Total property values in Letcher County have gone up despite the loss of the coal industry, due in part to strong real estate sales and an increase in the value of oil and gas rights, according to information from the county Property Valuation Administrator’s office.
That could have the effect of lowering tax rates in the county if prices continue to rise. Personal tangible property, which is taxed at a much higher rate than real estate, is down about $4 million this year, while the total equalized assessment for all types of property combined is up to $526,391,736 from $520,414,019 in 2019.
PVA Rick Rose said high-end houses are selling at above assessed value, and county residents are buying new cars, driving up the total assessments even as tangible property — mostly luxury items and investments — decreases. Commercial and industrial property also declined in value, but the county is showing signs of changing from an industrial economy to healthcare related. Residential properties, however, are increasing in value as people move to stable, highly skilled jobs with large incomes.
Rose said enough properties sold for more than the assessed value that the office was able to hit only 90-percent assessment, when the state tries for a 100-percent valuation. For example, a property that is valued by the PVA at $90,000 and sells for $100,000 is deemed to have been assessed at 90 percent of its value.
“Like usual, they’ve gone up a little bit on the sales,” Rose said. “You have some that sell high, and some that surprise you and sell dirt cheap.”
He put down the increased property values to the increase in healthcare professionals in the county, and the larger salaries those jobs pay.
“We have nurses and RNs and PAs (physician assistants).They’ve way overtaken the coal mines,” Rose said.
Recent state figures on coal employment show only 17 coal jobs left in Letcher County. According to the Community and Economic Development Initiative of Kentucky (CEDIK), 24 percent of Letcher County workers — nearly 1 in 4 — were employed in the healthcare and social assistance industry in 2019.That’s up from 12 percent in 2012.The number in mining and oil and gas extraction had dropped to 8 percent, a third as many workers as in healthcare and about the same number that work in accommodations and food service.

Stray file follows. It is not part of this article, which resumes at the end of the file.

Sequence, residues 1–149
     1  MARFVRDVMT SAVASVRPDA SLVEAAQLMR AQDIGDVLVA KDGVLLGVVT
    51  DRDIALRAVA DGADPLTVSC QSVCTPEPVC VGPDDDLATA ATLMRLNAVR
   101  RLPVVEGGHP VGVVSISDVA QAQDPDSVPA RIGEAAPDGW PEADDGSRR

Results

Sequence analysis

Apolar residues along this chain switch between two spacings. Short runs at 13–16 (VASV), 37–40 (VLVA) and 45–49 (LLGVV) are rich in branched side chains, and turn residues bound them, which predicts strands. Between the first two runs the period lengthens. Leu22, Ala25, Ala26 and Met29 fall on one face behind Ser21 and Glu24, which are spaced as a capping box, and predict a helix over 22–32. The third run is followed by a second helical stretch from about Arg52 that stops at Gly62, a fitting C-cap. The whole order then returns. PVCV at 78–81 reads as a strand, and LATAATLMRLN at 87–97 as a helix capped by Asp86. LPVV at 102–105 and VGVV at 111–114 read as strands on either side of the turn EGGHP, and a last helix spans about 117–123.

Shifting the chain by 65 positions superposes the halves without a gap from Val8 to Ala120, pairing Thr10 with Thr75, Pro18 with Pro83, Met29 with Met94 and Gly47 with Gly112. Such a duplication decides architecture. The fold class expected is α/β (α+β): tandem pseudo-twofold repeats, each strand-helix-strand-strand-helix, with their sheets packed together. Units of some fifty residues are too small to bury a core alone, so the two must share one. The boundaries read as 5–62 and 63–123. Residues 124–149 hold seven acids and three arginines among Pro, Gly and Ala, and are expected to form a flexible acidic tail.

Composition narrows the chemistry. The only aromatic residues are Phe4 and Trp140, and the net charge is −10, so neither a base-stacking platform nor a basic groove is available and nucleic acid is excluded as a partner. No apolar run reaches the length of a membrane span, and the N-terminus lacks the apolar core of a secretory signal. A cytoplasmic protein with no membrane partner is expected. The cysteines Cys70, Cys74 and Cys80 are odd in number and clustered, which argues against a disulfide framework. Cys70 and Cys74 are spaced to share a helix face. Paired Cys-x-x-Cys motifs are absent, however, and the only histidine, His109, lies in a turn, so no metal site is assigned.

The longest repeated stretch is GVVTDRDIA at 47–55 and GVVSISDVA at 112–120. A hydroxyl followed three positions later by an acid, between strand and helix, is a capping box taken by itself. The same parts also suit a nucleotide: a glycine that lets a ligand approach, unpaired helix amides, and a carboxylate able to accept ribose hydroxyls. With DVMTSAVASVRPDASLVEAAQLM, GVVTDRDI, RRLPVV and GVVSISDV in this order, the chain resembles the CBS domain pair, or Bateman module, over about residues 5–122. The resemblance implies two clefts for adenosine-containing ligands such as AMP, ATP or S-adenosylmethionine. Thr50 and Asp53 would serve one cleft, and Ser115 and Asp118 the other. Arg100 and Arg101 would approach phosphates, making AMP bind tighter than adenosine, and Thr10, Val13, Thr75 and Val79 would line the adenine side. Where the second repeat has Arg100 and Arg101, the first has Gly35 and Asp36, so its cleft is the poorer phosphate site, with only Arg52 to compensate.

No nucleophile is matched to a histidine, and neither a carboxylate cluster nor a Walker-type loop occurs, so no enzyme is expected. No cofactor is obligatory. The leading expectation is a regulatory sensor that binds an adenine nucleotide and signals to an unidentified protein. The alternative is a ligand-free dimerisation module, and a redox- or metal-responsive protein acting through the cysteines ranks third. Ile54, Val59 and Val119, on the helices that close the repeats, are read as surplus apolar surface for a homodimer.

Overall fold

According to CEDIK, which is a project of the University of Kentucky, 4,303 people commute to surrounding counties to work. Some travel as far as Fayette County, with most employed in Pike, Perry, Harlan and Knott counties. Fayette, Pike, and Perry counties, in particular have large hospitals and other medical facilities.
There are large numbers of healthcare jobs in Letcher County as well. Appalachian Regional Healthcare employs about 430 people in the county, and Mountain Comprehensive Health Corporation employs more than 422 in clinics across eastern Kentucky, with 287 in Letcher County alone. Pikeville Medical Center also operates a specialty clinic in the county, and there are two mental health agencies — Kentucky River Community Care and Mountain Comprehensive Care Centers — with in the county. State statistics showed 449 employed in healthcare in the county in the first quarter of this year, but that does not appear to included support personnel such as secretaries, clerks, janitorial and maintenance workers.
While more than 4,000 people commute to work outside the county each week, 2,389 stay here to work, and 2,007 from Pike, Perry, Knott, Floyd, Harlan counties and other areas commute to work in Letcher County.
The CEDIK figures show the county still lags far behind other parts of the state in the number of residents with bachelor’s degrees, but the amount of money they make is nearly double those with a high school diploma or less.
The total value of homes here increased about a half-million dollars over the previous year.